Two Federal Fellows from the 2021-2022 class share their experiences and describe what they learned from their time in D.C.
Engineering is a vital tool to solving the world’s problems—not just in business, industry, and academia, but also at the highest levels of our nation’s government. In fact, bringing technical expertise to the nation’s capitol is critically important so that Federal policy can better reflect the engineering worldview.
That’s the goal of ASME’s Federal Government Fellows program. For the past half century, some of the best and brightest engineers from industry and academia have spent a year in Washington assigned to a member of Congress or to a Federal agency. These Federal Fellows have immersed themselves in the creation and implementation of public policies that advance engineering, science, and technology to help solve the nation’s—and the world’s—greatest challenges.
The benefits are twofold. The Fellows add their engineering point of view to staffs that often are dominated by expertise in law, communications, and political science. Many contemporary issues have deep technological roots, so having an in-house expert to weigh in is invaluable.
But the experience of serving on Capitol Hill or in one of the major Federal agencies can have a profound effect on the Fellows themselves. Seeing up close how policy is made has inspired alumni of the program to get more involved with public service when they return home.
On these pages, two Federal Fellows from the 2021-2022 class share their experiences and describe what they learned from their time in D.C.
Connecting the Dots
Federal service has pushed me beyond the bounds of what I expect engineering to be.
I grew up in Northern Virginia in the figurative shadow of the Capitol, with family and friends who worked in politics and for government agencies, but my education and career drew me to a different path. I obtained a bachelor’s degree in materials science engineering, then a master’s degree in bioengineering with a focus on tissue, ultimately leading to a doctorate in biomedical engineering focused on cardioelectric physiology.
As I explain it, materials science focuses on the building blocks of how the world is made up. Bioengineering is how the human body is engineered to function. And biomedical engineering is how we can modify the body to make it function better.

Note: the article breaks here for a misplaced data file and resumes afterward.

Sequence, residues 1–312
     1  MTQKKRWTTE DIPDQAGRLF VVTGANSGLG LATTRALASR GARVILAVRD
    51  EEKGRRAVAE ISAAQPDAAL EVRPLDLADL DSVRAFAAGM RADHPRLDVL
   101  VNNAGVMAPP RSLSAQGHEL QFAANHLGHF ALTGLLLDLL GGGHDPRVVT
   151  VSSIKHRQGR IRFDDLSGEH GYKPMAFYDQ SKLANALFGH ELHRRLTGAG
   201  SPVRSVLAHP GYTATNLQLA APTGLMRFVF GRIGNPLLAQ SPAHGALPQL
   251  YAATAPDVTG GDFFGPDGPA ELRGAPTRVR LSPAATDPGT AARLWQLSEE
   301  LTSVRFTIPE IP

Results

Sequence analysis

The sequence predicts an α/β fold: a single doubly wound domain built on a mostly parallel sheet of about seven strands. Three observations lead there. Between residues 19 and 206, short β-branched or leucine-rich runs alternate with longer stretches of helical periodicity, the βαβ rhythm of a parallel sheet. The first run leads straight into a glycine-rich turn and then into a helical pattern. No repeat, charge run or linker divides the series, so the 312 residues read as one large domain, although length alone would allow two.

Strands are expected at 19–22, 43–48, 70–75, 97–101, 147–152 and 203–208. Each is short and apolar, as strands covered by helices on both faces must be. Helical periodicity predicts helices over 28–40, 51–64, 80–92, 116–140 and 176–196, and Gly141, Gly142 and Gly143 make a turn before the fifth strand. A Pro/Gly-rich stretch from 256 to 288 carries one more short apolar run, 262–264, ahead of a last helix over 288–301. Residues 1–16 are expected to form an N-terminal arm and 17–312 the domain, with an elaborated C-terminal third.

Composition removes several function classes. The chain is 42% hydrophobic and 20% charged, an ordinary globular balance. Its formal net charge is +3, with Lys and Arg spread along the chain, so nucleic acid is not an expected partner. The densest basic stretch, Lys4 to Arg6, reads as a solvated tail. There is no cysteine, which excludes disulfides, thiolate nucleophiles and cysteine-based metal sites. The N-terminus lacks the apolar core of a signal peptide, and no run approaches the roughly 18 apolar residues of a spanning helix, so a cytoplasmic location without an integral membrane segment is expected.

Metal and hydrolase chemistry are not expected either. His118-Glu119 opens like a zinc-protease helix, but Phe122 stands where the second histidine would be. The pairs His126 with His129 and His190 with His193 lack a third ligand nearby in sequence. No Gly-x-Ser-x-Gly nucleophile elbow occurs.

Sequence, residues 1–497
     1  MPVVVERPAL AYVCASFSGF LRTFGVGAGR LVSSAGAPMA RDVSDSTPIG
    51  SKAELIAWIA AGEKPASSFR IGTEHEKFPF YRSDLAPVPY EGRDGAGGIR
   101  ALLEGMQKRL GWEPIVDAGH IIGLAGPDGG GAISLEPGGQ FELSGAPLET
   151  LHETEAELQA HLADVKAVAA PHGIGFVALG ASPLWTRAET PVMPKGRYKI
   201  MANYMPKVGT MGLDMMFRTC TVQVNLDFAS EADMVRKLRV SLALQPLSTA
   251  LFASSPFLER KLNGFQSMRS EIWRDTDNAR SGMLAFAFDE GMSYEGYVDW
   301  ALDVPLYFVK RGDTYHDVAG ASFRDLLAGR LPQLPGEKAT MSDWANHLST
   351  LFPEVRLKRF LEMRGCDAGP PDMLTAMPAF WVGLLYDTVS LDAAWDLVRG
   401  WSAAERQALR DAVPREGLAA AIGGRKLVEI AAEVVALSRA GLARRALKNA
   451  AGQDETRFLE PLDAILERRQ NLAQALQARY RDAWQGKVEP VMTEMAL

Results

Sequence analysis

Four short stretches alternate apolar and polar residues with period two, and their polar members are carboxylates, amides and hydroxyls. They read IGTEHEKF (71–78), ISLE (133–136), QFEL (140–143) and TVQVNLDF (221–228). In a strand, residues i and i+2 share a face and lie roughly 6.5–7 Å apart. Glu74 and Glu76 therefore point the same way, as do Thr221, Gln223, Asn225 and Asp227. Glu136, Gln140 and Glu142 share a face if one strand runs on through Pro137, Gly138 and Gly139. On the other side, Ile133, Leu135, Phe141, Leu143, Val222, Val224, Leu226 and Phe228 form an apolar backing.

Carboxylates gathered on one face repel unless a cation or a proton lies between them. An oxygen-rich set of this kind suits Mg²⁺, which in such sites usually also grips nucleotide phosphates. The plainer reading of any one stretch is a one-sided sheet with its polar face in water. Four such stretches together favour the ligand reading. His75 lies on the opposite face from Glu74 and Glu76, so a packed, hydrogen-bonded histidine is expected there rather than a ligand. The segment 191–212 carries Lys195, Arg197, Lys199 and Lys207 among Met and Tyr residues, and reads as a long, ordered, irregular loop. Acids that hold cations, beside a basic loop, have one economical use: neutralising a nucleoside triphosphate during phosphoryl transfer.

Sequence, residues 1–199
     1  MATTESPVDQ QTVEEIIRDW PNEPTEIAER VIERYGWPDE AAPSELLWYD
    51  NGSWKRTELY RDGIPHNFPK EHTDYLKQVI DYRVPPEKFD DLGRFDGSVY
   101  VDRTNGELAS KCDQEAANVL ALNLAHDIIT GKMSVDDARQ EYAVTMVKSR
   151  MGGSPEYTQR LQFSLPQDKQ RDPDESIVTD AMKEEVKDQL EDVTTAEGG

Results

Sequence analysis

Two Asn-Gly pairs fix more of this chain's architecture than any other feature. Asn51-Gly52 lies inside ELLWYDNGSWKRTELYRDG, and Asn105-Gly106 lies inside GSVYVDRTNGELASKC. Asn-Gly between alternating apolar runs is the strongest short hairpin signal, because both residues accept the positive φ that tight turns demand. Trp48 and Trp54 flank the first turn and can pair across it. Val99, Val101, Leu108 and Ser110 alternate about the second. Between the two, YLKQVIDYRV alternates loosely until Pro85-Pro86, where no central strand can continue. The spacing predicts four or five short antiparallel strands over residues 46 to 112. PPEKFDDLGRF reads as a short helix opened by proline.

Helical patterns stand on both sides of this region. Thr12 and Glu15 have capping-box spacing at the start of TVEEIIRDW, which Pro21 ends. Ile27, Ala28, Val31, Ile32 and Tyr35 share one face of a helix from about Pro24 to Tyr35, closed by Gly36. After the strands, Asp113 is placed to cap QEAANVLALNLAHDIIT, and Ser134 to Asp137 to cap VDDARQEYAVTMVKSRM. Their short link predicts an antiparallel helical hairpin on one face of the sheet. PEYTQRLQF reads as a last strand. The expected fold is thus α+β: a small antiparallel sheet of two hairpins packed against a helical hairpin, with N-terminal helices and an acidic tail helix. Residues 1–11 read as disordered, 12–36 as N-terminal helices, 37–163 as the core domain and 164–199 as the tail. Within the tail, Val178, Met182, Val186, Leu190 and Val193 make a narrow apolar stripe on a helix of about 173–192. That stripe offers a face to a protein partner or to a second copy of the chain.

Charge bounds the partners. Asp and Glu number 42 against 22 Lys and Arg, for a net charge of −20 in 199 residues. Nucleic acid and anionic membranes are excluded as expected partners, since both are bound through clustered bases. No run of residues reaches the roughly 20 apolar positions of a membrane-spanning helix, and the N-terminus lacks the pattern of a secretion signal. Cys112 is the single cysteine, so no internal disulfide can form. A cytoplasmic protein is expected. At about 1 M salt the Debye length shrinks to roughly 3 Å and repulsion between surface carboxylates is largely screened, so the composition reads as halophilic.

I very much wanted to be a scientist because that’s how my mind works. But I have always felt a pull toward politics. ASME’s Federal Government Fellowship has always seemed like the perfect intersection of science and Washington, D.C., politics.
During my fellowship, I was matched with Congresswoman Anna Eshoo. Her work as chair of the Health Subcommittee on Energy and Commerce was a perfect fit with my educational background and interests. At heart, the decisions made on that subcommittee directly affect people’s lives. Science can do great things, but how do we implement that in the real world?
Congresswoman Eshoo represents California’s 18th Congressional District, which includes Silicon Valley and Stanford University—the epicenter of American biotechnology and technology innovation and research. You can imagine my thrill at being able to serve as a liaison between scientists and start-ups in California, constituents, and the congresswoman on issues that are important to us all. Many scientists come at policies from a “heavy technical voice” and are not necessarily well versed in politics; I was proud to bring added value by translating and connecting those dots among key people.
One of the highlights of my fellowship was working with Congresswoman Eshoo and her staff to ultimately pass HR 5585, known in shorthand as the ARPA-H Act, which creates a new independent agency devoted to health research to be housed within the U.S. National Institutes of Health. In my fellowship, I was able to help draft the legislation and work with stakeholders to improve it—and not just scientists but also with patient groups, past directors, and others to ensure patients will benefit.
“SCIENCE CAN DO GREAT THINGS, BUT HOW DO WE IMPLEMENT THAT IN THE REAL WORLD?”
This was perhaps the most significant experience of my year-long fellowship, having a front-row seat to the creation of new government agency, giving it the tools it needs to be successful and shepherding it across the finish line through hearings and then eventually getting it passed into law.